Posted On:3/22/2010 9:19pm
Korea invented Internet arguments too, you know.
Posted On:3/22/2010 9:32pm
Style: Christopher Hitchens-do
i'm the soke of internet argument-doh!
Posted On:3/24/2010 5:05am
Style: Koryu Budo, Shooto
Koreans, as much as I love them, can run on the insane side of things...fortunately by running an electric fan at night you can ward them off (garlic and crosses though actually attract rather than repel them as opposed their close cousins, the vampire).
As for the kodokan, Im a judoka of noobie proportions (green belt) but I started there and did an off and on training stint of about 6 months so I'll throw in my two cents. If you are new to judo and want to train in japan...the kodokan is about all that there is. Most japanese start judo at the latest in high school, and finding a club for adult begginers is very difficult. Especially if you live in any city that is not Tokyo, as a judo noob you are going to either be way outclassed or too old to join a club or dojo (the exception being that you might be able to join a high school team if you work at a school). The kodokan has classes for all age groups and levels for a very reasonable price, and that alone makes it a great place to train. On top of that you get to run into people from all over the world, see olympic level judoka come and train, and learn from people with decades of experience (it's the only place where I've seen a legit judo redbelt).
On the other hand, the classes are not the best per se. It can take months before you start randori, classes tend to be very crowded, newaza is lacking, and all waza is extremely textbook with little instruction given on variations and strategies. Now I realize that this is not BAD judo...in fact it is quite reasonable. What it isn't is EXCEPTIONAL judo, and if you are looking for more thorough and in depth training there are much better clubs.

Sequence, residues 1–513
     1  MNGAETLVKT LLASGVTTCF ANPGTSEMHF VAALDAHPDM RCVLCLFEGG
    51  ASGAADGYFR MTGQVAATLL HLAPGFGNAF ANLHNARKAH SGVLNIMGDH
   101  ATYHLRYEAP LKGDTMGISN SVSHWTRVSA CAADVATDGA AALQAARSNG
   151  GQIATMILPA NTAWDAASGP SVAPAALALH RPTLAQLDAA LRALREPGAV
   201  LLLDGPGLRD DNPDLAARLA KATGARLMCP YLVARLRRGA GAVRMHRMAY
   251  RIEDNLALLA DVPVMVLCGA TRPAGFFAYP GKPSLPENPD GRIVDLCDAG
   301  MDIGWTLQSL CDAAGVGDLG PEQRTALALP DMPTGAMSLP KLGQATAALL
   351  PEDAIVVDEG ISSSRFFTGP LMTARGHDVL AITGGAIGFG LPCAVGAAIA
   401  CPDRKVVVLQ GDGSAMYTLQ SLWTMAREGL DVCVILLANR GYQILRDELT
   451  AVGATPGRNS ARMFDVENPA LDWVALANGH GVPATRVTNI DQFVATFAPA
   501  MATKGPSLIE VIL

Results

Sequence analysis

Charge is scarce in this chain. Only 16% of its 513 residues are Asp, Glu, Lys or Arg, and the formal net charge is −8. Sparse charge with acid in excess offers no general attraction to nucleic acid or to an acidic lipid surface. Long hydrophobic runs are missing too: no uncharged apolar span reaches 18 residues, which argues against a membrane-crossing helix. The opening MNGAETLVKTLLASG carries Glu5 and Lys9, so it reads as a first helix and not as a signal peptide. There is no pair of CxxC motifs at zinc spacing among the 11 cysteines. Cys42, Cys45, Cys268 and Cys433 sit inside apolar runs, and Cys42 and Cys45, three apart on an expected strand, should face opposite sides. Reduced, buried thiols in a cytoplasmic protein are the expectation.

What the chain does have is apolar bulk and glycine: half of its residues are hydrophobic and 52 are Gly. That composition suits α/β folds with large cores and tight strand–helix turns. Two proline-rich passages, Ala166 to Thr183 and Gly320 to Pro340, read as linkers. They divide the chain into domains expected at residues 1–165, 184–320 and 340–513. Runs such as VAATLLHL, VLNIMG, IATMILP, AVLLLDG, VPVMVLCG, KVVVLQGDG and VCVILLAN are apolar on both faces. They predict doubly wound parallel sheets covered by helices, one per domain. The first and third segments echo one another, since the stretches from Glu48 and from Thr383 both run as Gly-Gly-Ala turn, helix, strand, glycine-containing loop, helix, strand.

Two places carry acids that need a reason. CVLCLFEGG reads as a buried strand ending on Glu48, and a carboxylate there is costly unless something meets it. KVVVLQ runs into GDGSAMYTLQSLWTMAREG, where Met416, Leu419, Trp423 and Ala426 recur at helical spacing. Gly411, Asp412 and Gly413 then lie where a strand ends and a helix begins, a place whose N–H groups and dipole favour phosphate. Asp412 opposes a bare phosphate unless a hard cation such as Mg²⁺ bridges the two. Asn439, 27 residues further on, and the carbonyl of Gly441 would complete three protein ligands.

On the aside, after a long break I took up judo at the MMA gym Team Quest, (which along with great fundemental judo taught no gi and strategies for cross training with other martial arts), and currently I am gearing up to start daily training from next week with one of Japan's top high school teams. Both places have different specialities (judo from a general grappling perspective and high level shiai focused judo), but from what I've seen and experience both gyms offer better training then what the kodokan does. Having said that if you live in Tokyo, the kodokan offers cheap, competent judo in an awesome enviroment....and while Japan adopts IJF rules for domestic shai starting later this year, the kodokan in theory still allows waza like kata guruma under kodokan rules which gives it brownie points in my book.
Posted On:3/24/2010 6:49am
Originally Posted by nightowl
(garlic and crosses though actually attract rather than repel them as opposed their close cousins, the vampire).
probably, one of the most accurate observations i've seen anywhere. not sure what to make of the vampire thingy, but damn, the cross and garlic thing was funny as hell.
Originally Posted by nightowl
....and while Japan adopts IJF rules for domestic shai starting later this year, the kodokan in theory still allows waza like kata guruma under kodokan rules which gives it brownie points in my book.
for a lot of judo people, there is a bit of a sense of pilgrimage with going to the kodokan. are you going to get your black belt while you are there? i heard it was CRAZY expensive to get a judo black belt in japan, because you have to be a paying member of so many orgs and stuff.
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